On Monday, Trump tweeted out what is basically a campaign video for an election he lost two months ago, showing him as he “stands for America,” appoints Supreme Court judges, signs executive orders, and enjoys support from all his most important constituencies: “women for Trump,” “Latinos for Trump,” “Blacks for Trump,” and the beautiful boaters. In the portion devoted to peace — just after the “Trump stands for military might” segment — the video shows the Nobel Peace Prize Photoshopped in front of a clip of the White House ceremony for the Abraham Accords, in which Bahrain and the United Arab Emirates agreed to normalize relations with Israel.
Though his administration’s negotiation of this formal recognition of Israel — the first time an Arab nation has done so since 1994 — will be one of the few lasting achievements of Trump’s foreign policy, it did not win him the Nobel Peace Prize. The superimposition of the gold medal over a clip of the meeting, however, suggested that it did.
Trump — who has maintained the legacy of extrajudicial targeted strikes and overseen family separation at the border — has had a strange relationship with the high humanitarian honor since at least 2018, when the Norwegian Nobel Committee found that an unknown American had twice pretended to be a qualified nominator and put Trump up for the award for his “ideology of peace through force.” In 2019, the White House also reportedly asked former Japanese prime minister Shinzo Abe to nominate Trump for the award. And in 2020, a similar ploy to appease our image-obsessed executive took place when a far-right member of the Norwegian Parliament nominated Trump. Never a close reader, Trump misconstrued the development earlier this year, complaining that the “fake news never even” covered his two Nobel wins — which do not exist.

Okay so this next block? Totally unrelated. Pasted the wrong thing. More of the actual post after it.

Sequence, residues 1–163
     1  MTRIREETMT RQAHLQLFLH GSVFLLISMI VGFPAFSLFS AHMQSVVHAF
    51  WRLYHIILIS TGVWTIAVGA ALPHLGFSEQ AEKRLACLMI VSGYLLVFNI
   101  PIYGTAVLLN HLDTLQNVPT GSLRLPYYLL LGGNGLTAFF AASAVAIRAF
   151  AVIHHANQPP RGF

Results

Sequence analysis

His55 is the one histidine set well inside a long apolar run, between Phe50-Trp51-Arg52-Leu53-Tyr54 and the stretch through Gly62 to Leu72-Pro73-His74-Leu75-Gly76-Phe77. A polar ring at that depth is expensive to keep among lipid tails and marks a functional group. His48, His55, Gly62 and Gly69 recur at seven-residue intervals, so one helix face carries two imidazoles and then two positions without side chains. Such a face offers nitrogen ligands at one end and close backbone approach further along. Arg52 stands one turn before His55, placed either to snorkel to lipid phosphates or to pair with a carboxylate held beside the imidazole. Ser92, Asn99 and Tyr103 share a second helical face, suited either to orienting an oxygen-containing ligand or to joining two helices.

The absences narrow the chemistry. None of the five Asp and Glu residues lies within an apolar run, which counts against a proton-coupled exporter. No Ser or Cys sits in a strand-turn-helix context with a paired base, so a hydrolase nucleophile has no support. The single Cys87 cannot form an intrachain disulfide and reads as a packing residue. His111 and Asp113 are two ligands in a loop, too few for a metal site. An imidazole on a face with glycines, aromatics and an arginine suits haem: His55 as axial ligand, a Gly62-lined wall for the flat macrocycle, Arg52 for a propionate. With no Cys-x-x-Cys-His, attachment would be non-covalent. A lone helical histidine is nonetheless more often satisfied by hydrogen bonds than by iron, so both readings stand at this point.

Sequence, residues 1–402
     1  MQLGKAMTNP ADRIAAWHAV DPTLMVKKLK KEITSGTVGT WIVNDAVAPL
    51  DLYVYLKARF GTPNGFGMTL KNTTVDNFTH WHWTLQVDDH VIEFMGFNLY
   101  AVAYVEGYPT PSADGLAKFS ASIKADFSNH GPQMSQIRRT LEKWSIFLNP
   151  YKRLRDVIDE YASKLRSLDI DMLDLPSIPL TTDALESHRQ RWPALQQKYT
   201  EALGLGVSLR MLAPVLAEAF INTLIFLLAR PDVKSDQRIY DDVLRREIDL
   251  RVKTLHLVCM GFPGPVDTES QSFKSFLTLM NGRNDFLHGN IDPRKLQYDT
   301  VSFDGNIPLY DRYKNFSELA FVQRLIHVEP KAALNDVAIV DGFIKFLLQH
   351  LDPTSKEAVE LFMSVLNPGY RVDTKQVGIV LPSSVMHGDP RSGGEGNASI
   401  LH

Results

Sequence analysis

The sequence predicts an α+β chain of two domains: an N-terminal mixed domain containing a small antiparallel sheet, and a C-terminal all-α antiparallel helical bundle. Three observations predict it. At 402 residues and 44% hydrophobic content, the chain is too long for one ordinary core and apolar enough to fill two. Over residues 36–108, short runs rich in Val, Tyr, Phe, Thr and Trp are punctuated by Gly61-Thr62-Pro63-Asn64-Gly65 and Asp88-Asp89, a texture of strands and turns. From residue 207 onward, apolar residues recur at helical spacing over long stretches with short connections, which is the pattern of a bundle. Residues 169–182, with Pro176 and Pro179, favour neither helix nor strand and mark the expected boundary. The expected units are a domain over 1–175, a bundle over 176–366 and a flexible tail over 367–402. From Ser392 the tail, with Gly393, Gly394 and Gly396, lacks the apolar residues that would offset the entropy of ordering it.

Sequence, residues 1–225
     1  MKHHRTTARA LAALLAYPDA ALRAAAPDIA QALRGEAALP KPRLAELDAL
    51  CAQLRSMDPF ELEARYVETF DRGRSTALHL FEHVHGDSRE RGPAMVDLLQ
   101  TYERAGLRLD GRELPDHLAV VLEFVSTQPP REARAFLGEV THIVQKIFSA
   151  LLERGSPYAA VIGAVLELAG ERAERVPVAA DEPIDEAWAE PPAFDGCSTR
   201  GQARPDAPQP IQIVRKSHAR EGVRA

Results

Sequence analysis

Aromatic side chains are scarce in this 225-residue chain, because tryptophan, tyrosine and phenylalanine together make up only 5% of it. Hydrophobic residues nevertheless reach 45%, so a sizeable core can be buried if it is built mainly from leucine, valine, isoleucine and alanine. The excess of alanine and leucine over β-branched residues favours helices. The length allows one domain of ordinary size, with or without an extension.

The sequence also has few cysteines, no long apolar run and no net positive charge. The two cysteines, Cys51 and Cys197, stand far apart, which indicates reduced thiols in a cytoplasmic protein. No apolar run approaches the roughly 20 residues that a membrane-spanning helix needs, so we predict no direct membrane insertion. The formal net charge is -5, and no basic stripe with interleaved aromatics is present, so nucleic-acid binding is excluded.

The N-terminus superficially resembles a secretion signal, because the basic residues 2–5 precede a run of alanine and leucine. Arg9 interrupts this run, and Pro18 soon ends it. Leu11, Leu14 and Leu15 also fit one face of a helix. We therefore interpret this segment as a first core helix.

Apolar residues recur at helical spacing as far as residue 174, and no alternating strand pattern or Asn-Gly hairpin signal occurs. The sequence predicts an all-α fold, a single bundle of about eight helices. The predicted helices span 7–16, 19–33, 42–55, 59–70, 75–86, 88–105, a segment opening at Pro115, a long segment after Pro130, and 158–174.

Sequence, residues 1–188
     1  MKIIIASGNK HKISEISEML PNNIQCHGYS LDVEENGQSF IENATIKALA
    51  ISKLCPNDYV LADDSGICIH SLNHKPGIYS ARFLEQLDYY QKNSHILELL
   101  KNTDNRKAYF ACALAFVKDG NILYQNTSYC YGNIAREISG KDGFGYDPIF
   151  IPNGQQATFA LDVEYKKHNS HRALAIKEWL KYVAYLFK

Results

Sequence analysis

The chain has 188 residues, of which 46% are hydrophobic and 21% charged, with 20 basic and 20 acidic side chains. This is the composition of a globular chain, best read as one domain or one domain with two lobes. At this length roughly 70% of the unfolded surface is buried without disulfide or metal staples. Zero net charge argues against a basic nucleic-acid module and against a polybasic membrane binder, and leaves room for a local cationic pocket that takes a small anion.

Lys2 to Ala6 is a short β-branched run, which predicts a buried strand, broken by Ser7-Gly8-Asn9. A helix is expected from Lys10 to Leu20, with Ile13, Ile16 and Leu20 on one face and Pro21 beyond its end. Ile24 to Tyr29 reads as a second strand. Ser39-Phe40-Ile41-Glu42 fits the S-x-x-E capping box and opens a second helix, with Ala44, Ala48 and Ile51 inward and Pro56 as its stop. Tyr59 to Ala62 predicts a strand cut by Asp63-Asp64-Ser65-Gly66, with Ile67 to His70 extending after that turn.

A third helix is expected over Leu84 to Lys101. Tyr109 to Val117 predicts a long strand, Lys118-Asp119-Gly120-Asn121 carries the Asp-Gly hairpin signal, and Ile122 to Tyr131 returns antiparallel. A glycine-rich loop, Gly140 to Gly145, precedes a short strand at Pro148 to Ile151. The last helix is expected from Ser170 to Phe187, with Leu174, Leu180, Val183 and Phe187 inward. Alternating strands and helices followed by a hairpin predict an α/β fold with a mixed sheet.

Quasi campaign videos like the one posted on Monday are unlikely to cease once Trump exits the White House, as they take very little effort on the part of his staff or supporters and appear to provide him great satisfaction. But soon, the public will no longer be forced to pay such close attention to the political fantasies, stunts, and minor lies of a vain ex-president. Or pay for them.